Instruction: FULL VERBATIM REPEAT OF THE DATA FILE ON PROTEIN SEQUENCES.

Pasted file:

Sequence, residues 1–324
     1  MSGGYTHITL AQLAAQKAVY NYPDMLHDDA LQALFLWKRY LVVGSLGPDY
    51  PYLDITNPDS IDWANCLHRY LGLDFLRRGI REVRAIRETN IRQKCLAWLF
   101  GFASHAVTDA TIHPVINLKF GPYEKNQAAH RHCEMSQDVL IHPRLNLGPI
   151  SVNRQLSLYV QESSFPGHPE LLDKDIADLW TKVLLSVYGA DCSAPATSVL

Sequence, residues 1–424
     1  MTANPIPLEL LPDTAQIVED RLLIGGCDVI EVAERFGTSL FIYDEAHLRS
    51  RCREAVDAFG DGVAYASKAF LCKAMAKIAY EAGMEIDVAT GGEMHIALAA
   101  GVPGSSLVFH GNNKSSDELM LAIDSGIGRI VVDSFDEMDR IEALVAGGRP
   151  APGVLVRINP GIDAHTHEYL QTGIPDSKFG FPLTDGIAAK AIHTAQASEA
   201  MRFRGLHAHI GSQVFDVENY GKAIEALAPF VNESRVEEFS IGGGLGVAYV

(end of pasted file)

Sequence, residues 1–324
     1  MSGGYTHITL AQLAAQKAVY NYPDMLHDDA LQALFLWKRY LVVGSLGPDY
    51  PYLDITNPDS IDWANCLHRY LGLDFLRRGI REVRAIRETN IRQKCLAWLF
   101  GFASHAVTDA TIHPVINLKF GPYEKNQAAH RHCEMSQDVL IHPRLNLGPI
   151  SVNRQLSLYV QESSFPGHPE LLDKDIADLW TKVLLSVYGA DCSAPATSVL

Sequence, residues 1–424
     1  MTANPIPLEL LPDTAQIVED RLLIGGCDVI EVAERFGTSL FIYDEAHLRS
    51  RCREAVDAFG DGVAYASKAF LCKAMAKIAY EAGMEIDVAT GGEMHIALAA
   101  GVPGSSLVFH GNNKSSDELM LAIDSGIGRI VVDSFDEMDR IEALVAGGRP
   151  APGVLVRINP GIDAHTHEYL QTGIPDSKFG FPLTDGIAAK AIHTAQASEA
   201  MRFRGLHAHI GSQVFDVENY GKAIEALAPF VNESRVEEFS IGGGLGVAYV